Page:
Start up Sunday/Commissioning.

Sermon Title: Start up Sunday/commissioning
Date: 5th February 2017
Preacher: Rev’d Susanne Chambers
This is very important to hear.  Each one of you and all of us collectively, are the salt of the earth and the light of the world.

Huge isn’t it! It’s not saying you could be…since we probably have been told along the way that you are a sinner, or mediocre or a nobody… Jesus is saying: You are the salt …You are the light!

You don’t feel it? Don’t feel too salty? Or your light has dimmed? Well, that’s understandable when we have so many events happening in our lives.

Hugh Mackay, Honorary Professor of Social Science wrote a long article in The Conversation entitled “The state of the nation starts in your street” and is an edited version of the Gandhi Oration which he delivered at the University of New South Wales on  the 30th January this year.

It’s well worth reading (I’ve put a couple of copies in the narthex) and I will just mention a couple of his thoughts:

“After 250 years we are still trying to absorb the impact of the Industrial Revolution as it changed the way we lived and worked and we have struggled to adapt to those changes. More recent revolutions to cope with are: the gender revolution, an economic restructure amounting to revolution, an information technology revolution, and even a revolution in our sense of who we are – our cultural identity as Australians.”

The symptoms Mackay suggests of those revolutions are: changing patterns in marriage and divorce; a record low birth rate and interestingly an increase in pet ownership; the rise of two-income household, with a greater sense of ‘busyness” and less time and energy available to nurture the community; more car ownership, so less foot traffic; the IT revolution which can lead to increased isolation.

Mackay also see three big threats that also contribute to our present level of anxiety are: “climate change, international terrorism, and the threat of a major global economic disruption.” These things threaten us on such a large scale they seem utterly beyond our control – in the face of threats like these, we feel so powerless, so vulnerable, that many of us deal with our anxiety – or our fear – by simply retreating into a shell of self-absorption…

What Hugh is suggesting is that, under the influence of all these factors, we are losing our sense of human connectedness and therefore our sense of compassion…

He does go on to give examples of ways in how we can be, what I would call salt and light, and it can happen right here and now… that’s why it’s important to hear that you are the salt of the earth and the light of the world.

We are a community that gather on a Sunday morning from all walks of life, with different political and theological views, educational credentials, different personalities and we try, don’t we, to listen to each other even if we disagree.  This is where it can start being what we are… salt and light by listening with respect and I believe we do that here. We will always mess up… but we give it our best shot!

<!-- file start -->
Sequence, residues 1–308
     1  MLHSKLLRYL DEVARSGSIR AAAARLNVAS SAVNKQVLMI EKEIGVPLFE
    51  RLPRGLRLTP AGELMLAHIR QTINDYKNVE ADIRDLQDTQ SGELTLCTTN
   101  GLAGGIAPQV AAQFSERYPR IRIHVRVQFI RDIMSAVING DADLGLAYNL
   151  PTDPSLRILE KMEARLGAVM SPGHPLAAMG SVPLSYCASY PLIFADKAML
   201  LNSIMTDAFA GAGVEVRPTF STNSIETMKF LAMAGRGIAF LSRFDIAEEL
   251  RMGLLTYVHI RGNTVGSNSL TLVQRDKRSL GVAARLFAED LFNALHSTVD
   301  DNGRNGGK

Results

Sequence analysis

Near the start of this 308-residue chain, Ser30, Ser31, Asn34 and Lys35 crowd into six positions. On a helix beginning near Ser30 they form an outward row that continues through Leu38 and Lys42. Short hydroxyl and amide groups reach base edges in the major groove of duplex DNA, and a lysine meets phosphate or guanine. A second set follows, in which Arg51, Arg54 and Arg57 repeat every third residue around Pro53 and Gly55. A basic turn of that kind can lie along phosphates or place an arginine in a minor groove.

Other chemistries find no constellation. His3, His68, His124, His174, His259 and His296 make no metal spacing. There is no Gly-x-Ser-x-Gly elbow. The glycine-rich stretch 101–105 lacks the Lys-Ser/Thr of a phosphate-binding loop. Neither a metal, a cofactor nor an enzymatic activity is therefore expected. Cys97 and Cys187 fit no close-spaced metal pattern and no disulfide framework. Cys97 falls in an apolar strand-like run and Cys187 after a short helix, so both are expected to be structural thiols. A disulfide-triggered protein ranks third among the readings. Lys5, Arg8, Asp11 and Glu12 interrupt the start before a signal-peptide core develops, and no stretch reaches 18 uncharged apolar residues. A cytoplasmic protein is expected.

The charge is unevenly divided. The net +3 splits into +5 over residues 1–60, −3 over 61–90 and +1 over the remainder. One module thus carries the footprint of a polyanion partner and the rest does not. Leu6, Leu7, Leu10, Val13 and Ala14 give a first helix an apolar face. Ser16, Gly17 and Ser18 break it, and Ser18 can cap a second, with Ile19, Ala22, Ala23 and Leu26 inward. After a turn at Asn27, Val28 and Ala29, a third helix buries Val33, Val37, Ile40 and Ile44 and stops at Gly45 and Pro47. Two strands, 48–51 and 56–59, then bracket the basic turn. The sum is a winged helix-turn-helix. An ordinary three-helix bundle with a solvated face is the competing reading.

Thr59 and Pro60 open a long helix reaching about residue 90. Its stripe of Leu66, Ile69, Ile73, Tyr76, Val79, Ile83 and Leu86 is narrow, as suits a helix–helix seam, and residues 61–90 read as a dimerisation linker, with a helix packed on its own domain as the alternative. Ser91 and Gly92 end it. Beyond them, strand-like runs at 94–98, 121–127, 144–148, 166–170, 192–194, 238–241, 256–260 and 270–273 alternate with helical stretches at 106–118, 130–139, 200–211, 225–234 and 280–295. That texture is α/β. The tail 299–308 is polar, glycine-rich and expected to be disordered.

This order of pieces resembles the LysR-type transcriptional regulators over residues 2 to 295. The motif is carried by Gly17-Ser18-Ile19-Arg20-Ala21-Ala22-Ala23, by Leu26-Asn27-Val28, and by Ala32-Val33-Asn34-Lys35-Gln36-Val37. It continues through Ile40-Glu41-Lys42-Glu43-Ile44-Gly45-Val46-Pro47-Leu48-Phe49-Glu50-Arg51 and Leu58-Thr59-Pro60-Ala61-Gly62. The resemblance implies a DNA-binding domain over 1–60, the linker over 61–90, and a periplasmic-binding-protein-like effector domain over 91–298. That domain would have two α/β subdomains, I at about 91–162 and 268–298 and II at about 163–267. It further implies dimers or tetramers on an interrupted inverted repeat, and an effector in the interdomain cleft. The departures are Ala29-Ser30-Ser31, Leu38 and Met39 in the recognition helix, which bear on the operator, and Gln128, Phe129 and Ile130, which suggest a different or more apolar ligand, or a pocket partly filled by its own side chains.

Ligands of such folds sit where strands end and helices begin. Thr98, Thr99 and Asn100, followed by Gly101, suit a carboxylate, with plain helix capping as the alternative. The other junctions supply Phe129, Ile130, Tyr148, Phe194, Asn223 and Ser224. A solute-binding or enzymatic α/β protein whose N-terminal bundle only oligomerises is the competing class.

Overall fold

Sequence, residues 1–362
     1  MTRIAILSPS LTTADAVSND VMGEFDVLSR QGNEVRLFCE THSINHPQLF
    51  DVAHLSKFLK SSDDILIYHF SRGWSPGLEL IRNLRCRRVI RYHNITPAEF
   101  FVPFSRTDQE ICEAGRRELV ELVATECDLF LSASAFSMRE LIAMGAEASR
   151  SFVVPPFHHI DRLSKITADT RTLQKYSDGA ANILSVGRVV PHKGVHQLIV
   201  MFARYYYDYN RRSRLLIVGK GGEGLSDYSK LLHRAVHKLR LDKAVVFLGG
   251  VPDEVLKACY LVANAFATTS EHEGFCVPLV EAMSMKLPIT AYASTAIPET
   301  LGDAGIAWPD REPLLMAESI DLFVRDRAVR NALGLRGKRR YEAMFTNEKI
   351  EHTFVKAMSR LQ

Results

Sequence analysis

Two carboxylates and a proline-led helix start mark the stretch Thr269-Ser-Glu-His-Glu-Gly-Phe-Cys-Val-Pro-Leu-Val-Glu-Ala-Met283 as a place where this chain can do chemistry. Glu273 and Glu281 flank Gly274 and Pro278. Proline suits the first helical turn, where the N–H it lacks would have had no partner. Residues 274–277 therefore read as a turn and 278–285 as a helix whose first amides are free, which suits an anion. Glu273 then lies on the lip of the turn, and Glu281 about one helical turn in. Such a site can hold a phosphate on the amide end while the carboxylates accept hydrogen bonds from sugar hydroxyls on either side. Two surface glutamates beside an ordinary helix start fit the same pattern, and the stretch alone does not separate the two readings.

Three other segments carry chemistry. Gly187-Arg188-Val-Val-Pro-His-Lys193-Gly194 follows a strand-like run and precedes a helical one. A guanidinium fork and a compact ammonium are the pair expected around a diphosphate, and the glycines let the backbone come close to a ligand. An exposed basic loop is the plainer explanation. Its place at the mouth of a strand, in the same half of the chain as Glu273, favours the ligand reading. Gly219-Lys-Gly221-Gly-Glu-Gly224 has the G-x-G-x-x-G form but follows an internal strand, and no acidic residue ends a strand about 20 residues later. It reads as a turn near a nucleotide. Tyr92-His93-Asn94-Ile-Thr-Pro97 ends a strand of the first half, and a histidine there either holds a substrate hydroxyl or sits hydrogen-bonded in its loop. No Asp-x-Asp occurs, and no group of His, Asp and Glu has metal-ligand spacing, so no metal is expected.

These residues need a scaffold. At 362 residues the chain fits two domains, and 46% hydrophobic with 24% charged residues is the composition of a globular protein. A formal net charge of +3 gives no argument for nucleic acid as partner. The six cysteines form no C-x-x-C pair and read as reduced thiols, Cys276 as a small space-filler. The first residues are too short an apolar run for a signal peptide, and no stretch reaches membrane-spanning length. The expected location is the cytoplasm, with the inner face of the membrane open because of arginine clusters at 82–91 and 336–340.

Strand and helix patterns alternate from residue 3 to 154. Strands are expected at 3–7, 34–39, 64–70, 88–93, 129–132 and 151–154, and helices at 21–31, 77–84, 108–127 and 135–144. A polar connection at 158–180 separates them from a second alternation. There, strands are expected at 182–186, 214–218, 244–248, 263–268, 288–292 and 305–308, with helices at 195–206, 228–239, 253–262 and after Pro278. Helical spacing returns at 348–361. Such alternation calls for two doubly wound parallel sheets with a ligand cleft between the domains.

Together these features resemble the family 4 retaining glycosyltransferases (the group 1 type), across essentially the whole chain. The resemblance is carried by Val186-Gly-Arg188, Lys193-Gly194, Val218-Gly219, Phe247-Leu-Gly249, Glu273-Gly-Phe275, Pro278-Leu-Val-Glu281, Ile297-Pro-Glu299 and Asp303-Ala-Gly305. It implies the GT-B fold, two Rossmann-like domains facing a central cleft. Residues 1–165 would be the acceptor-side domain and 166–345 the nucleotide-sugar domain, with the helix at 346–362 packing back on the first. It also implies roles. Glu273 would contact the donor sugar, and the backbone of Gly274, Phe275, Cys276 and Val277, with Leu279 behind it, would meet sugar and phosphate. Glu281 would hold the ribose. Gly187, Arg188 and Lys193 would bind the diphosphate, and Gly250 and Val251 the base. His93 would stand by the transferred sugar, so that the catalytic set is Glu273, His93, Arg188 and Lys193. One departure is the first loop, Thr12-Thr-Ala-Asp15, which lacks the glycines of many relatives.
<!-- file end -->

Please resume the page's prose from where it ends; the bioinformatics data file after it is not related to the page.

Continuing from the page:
Hopefully, like a pebble dropped in the pond, the rippling effect of being salty and shiny will be infectious!

We know that we can walk along a street and people just don’t smile or look at us… we could do the same or we could be counter cultural and smile at them and maybe even say hi!

How many of us know our neighbours? We may complain that neighbourhoods aren’t like they used to be, well, we could go and knock on the door of a neighbour and say hi.

Many of you are doing this … most of the time when we don’t feel salty or our light is dimmed is when we get into cynicism, quite understandable but that’s not what we are called to be like… we are bigger than that.

Salt brings zest and meaning to our lives.

Light draws people to light!

Yes, we have a lot to contemplate in our personal lives, in the church, in our society and the world at large.

We can gain hope from hearing stories of compassion and stories of faith and love. Let me give you two:

  1. Bourke St Incident showed that we are by nature, compassionate people. Many people came to the vigil and the memorials to be in solidarity with those killed, injured and grieving. The ambulance and police have publically thanked the public for their assistance. No one was left on their own. The Red Cross and the VCC Emergency ministries were there every day, to listen, to pray, to just be a presence. Do not underestimate just being with someone.

We are by nature, compassionate people.

  1. Saroo Brierley, was a 5 year old in India who became lost. 25 years later in Australia, he finally worked out how to find his way back to the place he grew up and his Indian family. From his book which I read back in 2013 and so glad to see the film on Friday night with many of you, Saroo wrote: “But my experiences have undoubtedly shaped me, providing me with an unshakeable faith in the importance of family –however it is formed – a belief in the goodness of people and of the importance of grasping opportunities when they are presented.”

For those who came to see the film on Friday night (I believe there were 26 of us from St Pauls!), we were transported to India and to Tasmania and the cold terror of young Saroo when he was lost and the longed for loving embrace with his mother.

You are the salt of the earth!

You are the light of the world!

Let’s continue to support each other in this calling to live out being salt and light, and so building community by including the stranger/the neighbour… wherever we are: at home, shopping or work place.

As Ghandi put it: “You may never know what results come of your actions but if you do nothing, there will be no results.”

The Lord be with you.